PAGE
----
Better tools needed to diagnose depression in people with autism

   
   
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16 Feb 2018 12:13:40.410
 

Autistic adults are not being effectively diagnosed with depression due to a lack of assessment tools, a new study has found.

Researchers from the University of Nottingham’s School of Psychology undertook a systematic review of data on assessment tools for diagnosing adults with autistic spectrum conditions (ASC) with depression. The research published in Autism Research shows that there are no validated tools to specifically assess depression in autistic adults. 

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Unique and subtle signs

Dr Sarah Cassidy who led the research is now developing a new depression assessment tool for autistic adults. She says: “It is crucial that we are able to effectively identify depression in autistic adults. However, current tools have been developed for non-autistic populations and may miss the unique and subtle signs of depression in autistic people.”

79% of autistic people experience a mental health problem at some point in their lives, and depression is the most common.

The consequences of not detecting depression in autistic people can be devastating. Depression has been shown to increase risk of autistic adults experiencing thoughts of ending their own lives, and dying by suicide.

Overlapping symptoms

Dr Cassidy continues: “The challenge clinicians have diagnosing an autistic person with depression is that many of the characteristics of it overlap with the symptoms and behaviours of autism such as; social withdrawal, difficulties with sleep and reduced eye contact. This overlap of symptoms becomes especially problematic when using tools developed for the general non-autistic population.”

The research showed that the main tools used to diagnose depression are based on either interviews with a clinician or self reporting questionnaires, all of which were developed for use with the general non-autistic population. The answers to these are then used to score the patient on a scale which allows a diagnosis to be made. None of the tools have been designed specifically for autistic people.

“The current tools available for diagnosing depression rely on people self-reporting, relying on the ability to reflect and report on personal emotional experience, something autistic will find extremely difficult to do, with many finding it impossible” continues Dr Cassidy, “We would suggest that autism specific questions are needed to capture the unique presentation of depression in autistic people, such as changes in social withdrawal, sleep patterns, sensitivity to the environment, repetitive behaviors, or loss of interest in a usually very strong interest”.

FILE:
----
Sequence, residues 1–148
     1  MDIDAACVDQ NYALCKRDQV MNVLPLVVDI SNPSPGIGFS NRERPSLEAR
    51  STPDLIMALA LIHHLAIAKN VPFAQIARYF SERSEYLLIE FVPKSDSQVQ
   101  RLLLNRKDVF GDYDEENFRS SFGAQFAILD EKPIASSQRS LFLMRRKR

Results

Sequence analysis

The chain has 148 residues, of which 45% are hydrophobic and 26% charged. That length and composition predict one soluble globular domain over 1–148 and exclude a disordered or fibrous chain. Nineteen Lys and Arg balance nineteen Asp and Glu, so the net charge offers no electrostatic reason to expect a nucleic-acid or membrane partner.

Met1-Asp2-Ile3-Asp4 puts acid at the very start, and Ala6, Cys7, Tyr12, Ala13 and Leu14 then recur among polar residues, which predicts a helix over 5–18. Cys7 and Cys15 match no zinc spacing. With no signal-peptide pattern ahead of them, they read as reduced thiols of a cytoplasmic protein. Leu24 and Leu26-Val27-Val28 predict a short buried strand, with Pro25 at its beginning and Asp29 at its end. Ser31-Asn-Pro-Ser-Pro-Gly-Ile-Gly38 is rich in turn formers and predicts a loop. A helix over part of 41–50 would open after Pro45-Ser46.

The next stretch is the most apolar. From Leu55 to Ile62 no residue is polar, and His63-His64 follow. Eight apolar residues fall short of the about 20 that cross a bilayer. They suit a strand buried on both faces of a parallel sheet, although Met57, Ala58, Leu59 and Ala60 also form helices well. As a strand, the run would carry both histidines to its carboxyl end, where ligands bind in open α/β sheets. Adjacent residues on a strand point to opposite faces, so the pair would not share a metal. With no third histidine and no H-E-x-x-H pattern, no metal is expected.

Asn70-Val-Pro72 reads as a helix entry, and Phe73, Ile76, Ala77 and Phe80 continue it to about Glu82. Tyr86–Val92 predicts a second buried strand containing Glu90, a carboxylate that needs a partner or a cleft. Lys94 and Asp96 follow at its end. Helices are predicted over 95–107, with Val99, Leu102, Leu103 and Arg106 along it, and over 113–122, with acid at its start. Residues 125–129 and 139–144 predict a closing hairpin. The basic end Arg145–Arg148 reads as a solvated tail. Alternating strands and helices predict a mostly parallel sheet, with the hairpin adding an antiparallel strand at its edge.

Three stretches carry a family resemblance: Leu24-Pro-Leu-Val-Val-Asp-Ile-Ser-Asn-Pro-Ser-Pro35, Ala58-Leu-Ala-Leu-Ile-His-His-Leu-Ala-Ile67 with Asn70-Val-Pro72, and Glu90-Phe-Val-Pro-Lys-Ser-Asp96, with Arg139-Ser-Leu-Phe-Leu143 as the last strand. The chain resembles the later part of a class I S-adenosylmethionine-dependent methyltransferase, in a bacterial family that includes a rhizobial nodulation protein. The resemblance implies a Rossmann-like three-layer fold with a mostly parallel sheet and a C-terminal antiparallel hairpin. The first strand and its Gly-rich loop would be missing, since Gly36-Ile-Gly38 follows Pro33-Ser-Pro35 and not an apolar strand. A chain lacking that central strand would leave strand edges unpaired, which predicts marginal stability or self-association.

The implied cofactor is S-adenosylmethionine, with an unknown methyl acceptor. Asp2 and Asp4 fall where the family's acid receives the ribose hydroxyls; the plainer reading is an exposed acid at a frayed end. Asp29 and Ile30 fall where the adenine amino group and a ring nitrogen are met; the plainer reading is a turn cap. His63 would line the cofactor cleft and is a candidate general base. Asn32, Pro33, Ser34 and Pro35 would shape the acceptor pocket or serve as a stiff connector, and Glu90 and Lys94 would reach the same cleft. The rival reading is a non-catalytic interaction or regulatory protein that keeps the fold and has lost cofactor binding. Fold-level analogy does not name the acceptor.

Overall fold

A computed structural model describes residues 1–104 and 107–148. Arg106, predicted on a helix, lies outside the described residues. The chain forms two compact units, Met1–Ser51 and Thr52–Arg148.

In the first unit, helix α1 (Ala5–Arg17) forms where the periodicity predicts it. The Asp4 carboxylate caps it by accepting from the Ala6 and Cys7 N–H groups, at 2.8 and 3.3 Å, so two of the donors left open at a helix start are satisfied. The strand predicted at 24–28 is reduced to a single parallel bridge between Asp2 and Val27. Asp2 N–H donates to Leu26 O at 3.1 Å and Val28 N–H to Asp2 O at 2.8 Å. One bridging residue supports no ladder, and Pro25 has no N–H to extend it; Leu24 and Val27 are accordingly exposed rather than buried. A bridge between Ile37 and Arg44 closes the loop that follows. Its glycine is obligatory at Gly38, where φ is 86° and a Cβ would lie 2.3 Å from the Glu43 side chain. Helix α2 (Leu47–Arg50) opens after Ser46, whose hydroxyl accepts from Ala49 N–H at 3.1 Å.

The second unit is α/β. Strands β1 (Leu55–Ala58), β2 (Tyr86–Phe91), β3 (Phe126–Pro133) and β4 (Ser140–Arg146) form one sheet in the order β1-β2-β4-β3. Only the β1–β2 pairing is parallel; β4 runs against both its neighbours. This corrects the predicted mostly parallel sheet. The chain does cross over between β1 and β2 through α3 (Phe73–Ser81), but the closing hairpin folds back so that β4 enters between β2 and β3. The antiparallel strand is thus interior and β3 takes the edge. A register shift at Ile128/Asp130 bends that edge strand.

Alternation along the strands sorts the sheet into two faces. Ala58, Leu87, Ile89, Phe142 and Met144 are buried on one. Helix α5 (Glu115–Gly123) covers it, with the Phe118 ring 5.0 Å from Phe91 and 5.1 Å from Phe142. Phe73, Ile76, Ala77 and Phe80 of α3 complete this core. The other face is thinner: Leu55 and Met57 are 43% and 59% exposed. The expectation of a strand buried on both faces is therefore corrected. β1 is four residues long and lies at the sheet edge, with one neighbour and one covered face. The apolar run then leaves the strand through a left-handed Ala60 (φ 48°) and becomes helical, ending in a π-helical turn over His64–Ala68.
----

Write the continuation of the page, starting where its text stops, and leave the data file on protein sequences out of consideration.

As part of the ongoing research an online survey will be out soon to ask for feedback for the new draft tool. Follow @mhautism for updates.

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Notes to editors: 

The University of Nottingham is a research-intensive university with a proud heritage, consistently ranked among the world's top 100. Studying at the University of Nottingham is a life-changing experience and we pride ourselves on unlocking the potential of our 44,000 students - Nottingham was named University of the Year for Graduate Employment in the 2017 Times and Sunday Times Good University Guide, was awarded gold in the TEF 2017 and features in the top 20 of all three major UK rankings. We have a pioneering spirit, expressed in the vision of our founder Sir Jesse Boot, which has seen us lead the way in establishing campuses in China and Malaysia - part of a globally connected network of education, research and industrial engagement. We are ranked eighth for research power in the UK according to REF 2014. We have six beacons of research excellence helping to transform lives and change the world; we are also a major employer and industry partner - locally and globally.

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Story credits

More information is available from Dr Sarah Cassidy, in the School of Psychology at the University of Nottingham on +44 (0)115 9515119, sarah.cassidy@nottingham.ac.uk 
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Jane Icke - Media Relations Manager (Faculty of Science)

Email: jane.icke@nottingham.ac.uk Phone: +44 (0)115 951 5751 Location: University Park
 

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